This is a very weighty argument, and I talked about this in my article, "There Are No Pea-Shooters For Photons". It turns out that the experiment is a little more complicated than shooting a single photon at a target. You have to use something called parametric down-conversion, which creates entangled pairs, and by measuring one member of the pair, you can be sure that you have shot the other member at your desired target. As they tell us, "it comes to exactly the same thing as shooting single photons at a target."

Or does it? In my original article, I expressed my doubts. Hence the title of the article. But that was just me. Would any serious physicists back me up?

Maybe they have now. I came upon this post in the Physics Stack Exchange site the other day. It seems that some guys have analyzed the statistics of parametric down-conversion, and it is after all not identical to what you would get from a true single-photon source. The original Physical Review article by Bashansky, Vurgaftman, Pipino and Reintes is here, behind a paywall. From the abstract, it looks pretty significant to me.

Almost all of the cosmic paradoxes of Quantum Mechanics originate with the hypothetical, "suppose you shoot a single photon at...". But what if you can't? That would represent a huge paradigm shift in the way we have to look at the microscopic universe.

I've been saying it for years, and it turns out not that maybe I was right. Bashansky et al have my back on this: there really are no pea-shooters for photons.

At least not yet.

4 comments:

David Reishi said...

Just read your post and your original paper. I very much enjoyed both. But I still don't get what the basic argument is (or was) when it comes to Compton scattering demonstrating particle-like behavior. Is it merely because the re-emitted "photon" of a new wavelength is always found to travel in a single, definable direction? "A big wave-blob couldn't do that!" Is that about the gist of it?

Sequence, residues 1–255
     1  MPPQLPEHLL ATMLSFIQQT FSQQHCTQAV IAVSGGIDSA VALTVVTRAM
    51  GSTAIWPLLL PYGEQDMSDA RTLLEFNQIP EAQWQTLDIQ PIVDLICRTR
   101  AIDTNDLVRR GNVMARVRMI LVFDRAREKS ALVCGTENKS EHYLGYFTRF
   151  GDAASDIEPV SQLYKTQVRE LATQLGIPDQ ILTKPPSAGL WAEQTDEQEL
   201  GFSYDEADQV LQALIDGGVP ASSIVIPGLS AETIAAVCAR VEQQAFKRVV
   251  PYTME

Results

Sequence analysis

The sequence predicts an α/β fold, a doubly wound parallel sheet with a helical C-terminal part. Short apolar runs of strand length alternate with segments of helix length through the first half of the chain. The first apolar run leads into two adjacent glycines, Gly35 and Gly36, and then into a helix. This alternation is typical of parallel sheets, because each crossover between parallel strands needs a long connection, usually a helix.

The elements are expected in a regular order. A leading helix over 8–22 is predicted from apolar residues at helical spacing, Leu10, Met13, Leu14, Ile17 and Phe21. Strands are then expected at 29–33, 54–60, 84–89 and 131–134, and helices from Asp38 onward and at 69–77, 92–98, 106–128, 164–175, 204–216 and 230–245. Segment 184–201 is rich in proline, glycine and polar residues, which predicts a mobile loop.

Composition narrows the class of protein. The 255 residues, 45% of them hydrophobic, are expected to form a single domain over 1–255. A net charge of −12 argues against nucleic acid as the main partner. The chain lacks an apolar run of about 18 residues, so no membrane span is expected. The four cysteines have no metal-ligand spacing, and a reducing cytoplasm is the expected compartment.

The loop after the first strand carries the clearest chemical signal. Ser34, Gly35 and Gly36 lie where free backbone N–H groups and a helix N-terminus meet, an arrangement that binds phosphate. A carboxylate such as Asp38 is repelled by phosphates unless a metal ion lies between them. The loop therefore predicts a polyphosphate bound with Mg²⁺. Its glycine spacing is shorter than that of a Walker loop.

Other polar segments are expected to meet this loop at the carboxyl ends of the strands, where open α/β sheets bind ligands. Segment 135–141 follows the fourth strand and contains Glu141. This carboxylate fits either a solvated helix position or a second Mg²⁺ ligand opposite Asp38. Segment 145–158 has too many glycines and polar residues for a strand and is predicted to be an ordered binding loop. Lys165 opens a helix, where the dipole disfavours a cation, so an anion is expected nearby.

Marty Green said...

Thanks, David. But remember, it was Schroedinger's argument for wave-on-wave Compton scattering, not mine. (That's why I didn't get the Nobel Prize, right?) I analyze only the very simplest case, a center-of mass system with a light wave and an electron wave interacting head-on. In that situation, the superposition of the incident and reflected electron waves creates a perfect diffraction grating (or an array of charged sheets) which provides an impenetrable barrier to light of the same wavelenght. Since wavelength is momentum, that's the Compton effect.

I don't analyze the further complications because the historical argument is that the electron is a tiny ping-pong ball which simply cannot interact with the wave in any manner whatsoever. Once you identify the basic flaw in that argument, I figure "the reset is commentary".

George Herold said...

Hi Marty, I seem to have found your physics blog a bit late. I did want to tell you that if you measure the cross section for an atom to absorb a "photon" resonant with some energy level in the atom you find the answer is not the area of the electron orbit, but closer to the wavelength squared of the "photon". (With factors of 2 and pi here and there.)

Marty Green said...

Thanks, George. Yes, that's the calculation I do in my article on the Crystal Radio, which is linked to above. It's a very classical calculation and doesn't make any sense if you treat light as a particle. And yet everywhere you go, the so-called paradox of the photo-electrric effect starts of with the premise that to eject an electron the "photon" must concentrate its power in an area the size of an atomic cross-section.